News Tidbits—week of June 29th

Monday, June 29th

  • In PK’s comment on the National Broadband Plan proposed by the FCC, we said that it’s time to treat broadband as an essential utility like water and electricity. Some advocates are raising another question: Is broadband a civil right? To some this may seem like a radical change in rhetoric, but there is a long tradition of communications policy being discussed within a similar framework—just read the 1934 Communications Act.

Tuesday, June 30th

  • The Supreme Court rejected the case against Cablevision’s remote-storage DVR service, reinforcing a lower court’s decision that the service, which is functionally the same as legal, time-shifting services such as TiVo, is not infringing.

Wednesday, July 1st

  • The RIAA came out on top in its lawsuit against Usenet.com. A federal judge found the newsgroup provider liable for direct infringement, inducement of infringement, contributory infringement, and vicarious infringement. Usenet, called an “egregious player” who “appears to have gone way over the line” by Techdirt, did not exactly curry the favor of the judge.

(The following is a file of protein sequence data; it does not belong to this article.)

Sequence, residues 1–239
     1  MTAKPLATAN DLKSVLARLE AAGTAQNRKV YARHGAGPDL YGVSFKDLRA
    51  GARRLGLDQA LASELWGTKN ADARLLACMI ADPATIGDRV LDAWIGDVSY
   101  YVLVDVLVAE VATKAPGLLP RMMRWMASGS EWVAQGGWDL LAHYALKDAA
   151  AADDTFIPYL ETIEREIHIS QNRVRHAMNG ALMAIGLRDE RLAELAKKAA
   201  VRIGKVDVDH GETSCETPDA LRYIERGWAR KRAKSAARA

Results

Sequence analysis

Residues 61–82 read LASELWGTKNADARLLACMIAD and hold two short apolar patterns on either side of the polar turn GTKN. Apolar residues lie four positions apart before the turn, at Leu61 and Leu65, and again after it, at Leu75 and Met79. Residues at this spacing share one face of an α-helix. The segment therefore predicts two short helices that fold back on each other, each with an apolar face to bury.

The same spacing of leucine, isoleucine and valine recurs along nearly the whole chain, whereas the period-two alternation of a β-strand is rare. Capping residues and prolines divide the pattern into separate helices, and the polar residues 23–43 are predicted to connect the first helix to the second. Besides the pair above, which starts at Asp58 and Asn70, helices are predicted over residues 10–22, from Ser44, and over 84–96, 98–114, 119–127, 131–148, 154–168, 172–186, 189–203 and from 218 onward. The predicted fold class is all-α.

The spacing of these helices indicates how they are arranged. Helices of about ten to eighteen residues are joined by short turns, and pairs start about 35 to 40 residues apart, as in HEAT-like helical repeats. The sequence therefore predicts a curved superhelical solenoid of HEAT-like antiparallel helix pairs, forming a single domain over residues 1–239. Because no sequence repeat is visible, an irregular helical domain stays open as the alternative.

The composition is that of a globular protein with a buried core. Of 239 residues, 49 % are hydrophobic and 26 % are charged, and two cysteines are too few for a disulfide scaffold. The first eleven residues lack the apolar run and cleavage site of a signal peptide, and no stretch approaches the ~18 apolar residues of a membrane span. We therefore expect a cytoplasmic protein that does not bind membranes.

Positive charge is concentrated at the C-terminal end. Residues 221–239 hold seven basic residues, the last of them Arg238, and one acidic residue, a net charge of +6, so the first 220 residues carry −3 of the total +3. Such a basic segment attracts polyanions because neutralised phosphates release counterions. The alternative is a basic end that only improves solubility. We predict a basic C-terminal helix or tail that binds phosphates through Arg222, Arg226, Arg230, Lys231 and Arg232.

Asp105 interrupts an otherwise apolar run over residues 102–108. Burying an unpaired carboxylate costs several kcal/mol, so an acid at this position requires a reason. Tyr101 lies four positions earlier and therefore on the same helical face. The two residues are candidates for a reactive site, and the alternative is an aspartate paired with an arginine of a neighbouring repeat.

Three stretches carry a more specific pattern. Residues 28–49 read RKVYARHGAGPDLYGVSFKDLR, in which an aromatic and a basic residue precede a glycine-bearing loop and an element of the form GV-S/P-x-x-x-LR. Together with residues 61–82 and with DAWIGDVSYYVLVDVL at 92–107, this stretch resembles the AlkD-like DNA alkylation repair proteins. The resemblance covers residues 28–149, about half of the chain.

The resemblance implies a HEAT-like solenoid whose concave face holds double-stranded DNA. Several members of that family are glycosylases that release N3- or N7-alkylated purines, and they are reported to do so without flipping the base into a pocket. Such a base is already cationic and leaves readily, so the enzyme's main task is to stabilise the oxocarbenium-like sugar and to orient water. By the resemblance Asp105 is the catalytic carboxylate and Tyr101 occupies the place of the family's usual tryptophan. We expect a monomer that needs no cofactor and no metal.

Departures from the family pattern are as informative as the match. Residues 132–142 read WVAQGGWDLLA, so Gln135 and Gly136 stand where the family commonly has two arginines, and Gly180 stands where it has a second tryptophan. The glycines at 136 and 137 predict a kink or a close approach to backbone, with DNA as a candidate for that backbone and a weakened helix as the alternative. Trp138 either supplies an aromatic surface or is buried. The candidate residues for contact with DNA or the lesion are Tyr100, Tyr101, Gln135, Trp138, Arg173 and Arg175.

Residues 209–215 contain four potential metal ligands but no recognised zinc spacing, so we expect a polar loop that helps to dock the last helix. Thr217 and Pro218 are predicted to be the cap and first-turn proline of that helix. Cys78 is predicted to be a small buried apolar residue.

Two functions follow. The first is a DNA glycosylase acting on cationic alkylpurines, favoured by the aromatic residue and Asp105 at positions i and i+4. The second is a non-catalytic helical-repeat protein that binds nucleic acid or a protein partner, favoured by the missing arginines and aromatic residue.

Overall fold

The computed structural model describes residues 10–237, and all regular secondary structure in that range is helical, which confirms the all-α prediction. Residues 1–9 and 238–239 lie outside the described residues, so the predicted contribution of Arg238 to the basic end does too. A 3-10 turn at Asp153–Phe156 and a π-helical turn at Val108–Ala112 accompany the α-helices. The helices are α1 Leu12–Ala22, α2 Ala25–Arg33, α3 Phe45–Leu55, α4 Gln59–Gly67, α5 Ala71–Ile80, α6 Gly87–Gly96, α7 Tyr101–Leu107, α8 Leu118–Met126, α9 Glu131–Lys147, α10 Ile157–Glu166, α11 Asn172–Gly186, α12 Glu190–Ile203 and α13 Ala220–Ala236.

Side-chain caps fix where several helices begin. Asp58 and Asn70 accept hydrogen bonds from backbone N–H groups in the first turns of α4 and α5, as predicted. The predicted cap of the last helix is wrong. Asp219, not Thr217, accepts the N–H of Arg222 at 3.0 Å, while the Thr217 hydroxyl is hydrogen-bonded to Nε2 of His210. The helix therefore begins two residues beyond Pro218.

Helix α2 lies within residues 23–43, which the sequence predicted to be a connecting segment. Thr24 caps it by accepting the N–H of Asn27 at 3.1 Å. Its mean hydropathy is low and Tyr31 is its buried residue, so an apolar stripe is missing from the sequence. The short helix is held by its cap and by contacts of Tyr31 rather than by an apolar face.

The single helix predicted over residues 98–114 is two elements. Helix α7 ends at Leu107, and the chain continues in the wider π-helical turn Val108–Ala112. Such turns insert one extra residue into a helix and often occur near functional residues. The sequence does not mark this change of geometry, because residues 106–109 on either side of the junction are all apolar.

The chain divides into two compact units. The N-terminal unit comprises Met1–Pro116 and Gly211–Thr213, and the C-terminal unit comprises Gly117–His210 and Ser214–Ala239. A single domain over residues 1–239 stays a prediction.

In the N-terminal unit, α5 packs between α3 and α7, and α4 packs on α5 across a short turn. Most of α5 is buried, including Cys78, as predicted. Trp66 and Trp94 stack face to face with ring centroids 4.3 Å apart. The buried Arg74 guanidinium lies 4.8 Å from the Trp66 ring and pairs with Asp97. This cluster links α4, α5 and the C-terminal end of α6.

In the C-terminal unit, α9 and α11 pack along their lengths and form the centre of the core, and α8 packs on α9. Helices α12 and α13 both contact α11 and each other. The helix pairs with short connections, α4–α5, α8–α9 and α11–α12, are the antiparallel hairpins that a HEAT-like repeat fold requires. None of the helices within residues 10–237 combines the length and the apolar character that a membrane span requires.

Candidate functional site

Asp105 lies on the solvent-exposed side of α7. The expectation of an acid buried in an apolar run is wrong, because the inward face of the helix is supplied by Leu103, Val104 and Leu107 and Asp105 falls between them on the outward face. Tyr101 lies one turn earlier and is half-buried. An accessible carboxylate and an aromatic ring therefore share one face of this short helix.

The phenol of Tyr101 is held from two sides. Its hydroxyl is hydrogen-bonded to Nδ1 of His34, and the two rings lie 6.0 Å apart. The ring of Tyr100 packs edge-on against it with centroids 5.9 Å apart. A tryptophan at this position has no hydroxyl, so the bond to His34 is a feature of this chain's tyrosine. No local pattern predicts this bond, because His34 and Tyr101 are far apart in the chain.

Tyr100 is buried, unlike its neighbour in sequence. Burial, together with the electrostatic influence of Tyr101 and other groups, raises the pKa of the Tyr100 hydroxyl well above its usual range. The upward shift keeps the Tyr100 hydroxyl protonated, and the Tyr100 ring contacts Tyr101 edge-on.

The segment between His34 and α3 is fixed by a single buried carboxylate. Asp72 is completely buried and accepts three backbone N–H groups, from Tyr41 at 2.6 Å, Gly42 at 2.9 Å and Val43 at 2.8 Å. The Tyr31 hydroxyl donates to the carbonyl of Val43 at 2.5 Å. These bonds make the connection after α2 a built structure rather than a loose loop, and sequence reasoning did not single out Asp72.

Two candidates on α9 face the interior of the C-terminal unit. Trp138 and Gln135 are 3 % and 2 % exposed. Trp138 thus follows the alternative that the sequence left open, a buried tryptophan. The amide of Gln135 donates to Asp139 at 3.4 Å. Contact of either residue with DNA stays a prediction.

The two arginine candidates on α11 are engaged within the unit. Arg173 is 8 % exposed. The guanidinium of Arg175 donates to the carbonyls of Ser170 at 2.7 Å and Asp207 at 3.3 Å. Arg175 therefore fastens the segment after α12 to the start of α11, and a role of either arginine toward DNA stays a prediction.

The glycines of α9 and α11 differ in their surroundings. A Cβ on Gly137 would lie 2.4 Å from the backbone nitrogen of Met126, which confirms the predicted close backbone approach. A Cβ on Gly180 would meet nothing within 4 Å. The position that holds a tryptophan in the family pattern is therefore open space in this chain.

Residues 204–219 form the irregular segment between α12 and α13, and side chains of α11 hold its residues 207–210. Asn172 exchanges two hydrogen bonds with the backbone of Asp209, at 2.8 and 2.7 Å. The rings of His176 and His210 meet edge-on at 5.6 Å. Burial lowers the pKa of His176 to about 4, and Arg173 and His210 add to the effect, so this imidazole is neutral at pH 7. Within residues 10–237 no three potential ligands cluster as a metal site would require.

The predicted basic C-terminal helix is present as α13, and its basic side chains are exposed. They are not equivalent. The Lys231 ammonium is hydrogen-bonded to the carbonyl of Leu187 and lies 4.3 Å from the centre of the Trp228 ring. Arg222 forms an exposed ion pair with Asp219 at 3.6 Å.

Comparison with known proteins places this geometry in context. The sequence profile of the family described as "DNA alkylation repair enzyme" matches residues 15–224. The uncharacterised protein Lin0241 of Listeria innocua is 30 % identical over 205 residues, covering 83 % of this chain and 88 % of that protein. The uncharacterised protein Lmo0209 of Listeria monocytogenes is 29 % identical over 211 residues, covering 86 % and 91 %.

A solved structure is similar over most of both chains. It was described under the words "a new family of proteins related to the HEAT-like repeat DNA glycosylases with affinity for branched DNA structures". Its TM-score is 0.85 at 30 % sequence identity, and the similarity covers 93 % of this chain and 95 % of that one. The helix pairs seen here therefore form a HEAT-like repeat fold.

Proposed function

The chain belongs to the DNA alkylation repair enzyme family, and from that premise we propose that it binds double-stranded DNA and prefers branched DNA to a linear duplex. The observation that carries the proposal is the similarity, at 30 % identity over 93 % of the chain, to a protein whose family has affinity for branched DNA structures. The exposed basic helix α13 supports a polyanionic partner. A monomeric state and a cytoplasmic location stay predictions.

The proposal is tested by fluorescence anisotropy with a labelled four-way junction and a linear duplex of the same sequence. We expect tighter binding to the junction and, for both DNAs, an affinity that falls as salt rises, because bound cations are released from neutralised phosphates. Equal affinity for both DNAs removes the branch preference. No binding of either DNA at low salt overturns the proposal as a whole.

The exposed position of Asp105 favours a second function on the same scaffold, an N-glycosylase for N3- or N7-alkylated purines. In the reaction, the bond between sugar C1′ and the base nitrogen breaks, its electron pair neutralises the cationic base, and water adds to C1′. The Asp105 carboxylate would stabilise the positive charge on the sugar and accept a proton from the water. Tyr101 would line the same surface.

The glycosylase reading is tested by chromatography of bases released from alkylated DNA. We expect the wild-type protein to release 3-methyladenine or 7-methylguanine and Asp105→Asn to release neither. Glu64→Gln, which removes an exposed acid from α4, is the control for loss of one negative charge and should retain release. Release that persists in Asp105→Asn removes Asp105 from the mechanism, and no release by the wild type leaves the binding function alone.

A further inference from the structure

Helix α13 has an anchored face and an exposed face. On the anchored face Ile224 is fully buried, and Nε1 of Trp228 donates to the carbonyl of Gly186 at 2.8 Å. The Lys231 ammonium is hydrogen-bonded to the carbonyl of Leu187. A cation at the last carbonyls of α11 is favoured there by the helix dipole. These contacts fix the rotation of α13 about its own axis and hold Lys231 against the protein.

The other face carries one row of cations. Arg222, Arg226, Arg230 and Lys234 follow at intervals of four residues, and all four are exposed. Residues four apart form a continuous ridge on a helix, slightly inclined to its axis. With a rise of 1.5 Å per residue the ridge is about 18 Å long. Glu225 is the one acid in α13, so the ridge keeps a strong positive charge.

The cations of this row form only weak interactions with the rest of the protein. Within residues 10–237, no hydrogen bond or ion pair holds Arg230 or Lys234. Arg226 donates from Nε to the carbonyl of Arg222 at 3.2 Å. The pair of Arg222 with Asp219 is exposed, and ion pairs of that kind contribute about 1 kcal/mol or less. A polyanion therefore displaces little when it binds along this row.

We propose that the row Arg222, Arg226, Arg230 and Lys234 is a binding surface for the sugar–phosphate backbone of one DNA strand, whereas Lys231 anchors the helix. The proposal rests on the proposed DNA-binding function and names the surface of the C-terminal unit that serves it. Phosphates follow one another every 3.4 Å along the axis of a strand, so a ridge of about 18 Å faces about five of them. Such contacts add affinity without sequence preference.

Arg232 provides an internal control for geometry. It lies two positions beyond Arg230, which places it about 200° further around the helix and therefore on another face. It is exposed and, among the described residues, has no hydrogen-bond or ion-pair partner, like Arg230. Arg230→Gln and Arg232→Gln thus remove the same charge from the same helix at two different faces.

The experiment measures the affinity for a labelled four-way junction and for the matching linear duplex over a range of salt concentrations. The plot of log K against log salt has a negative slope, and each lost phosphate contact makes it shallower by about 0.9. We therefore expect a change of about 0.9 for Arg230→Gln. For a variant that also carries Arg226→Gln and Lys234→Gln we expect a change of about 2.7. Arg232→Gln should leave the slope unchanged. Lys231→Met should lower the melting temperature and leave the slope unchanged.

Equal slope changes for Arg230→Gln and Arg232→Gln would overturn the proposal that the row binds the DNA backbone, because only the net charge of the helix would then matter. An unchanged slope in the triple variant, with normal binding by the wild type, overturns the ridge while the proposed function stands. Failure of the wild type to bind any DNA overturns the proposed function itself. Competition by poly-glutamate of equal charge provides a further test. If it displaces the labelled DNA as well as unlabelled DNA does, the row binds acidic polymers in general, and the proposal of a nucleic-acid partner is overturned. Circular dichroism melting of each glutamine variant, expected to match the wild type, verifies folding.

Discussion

• A federal judge decided to indefinitely ban 60 Years Later: Coming Through the Rye, a sequel to and commentary on J.D. Salinger’s Catcher in the Rye. The Swedish author Fredrik Colting said in an email message, “Call me an ignorant Swede, but the last thing I thought possible in the U.S. was that you banned books.”
  • Facing $3.6 million in penalties, Pirate Bay was bought up by the Swedish Software firm Global Gaming Factory X for about $8 million, claiming that it will introduce legitimizing business models to ensure “that content providers and copyright owners get paid for content that is downloaded via the site."  Exactly how they will do this, or how they will even be able to afford buying TBP, is unclear.

Thursday, July 2nd

  • In response to concerns over antitrust issues brought up by the Google Book Search settlement, the Justice Department officially opened an investigation to determine whether parts of the agreement violate the Sherman Act.

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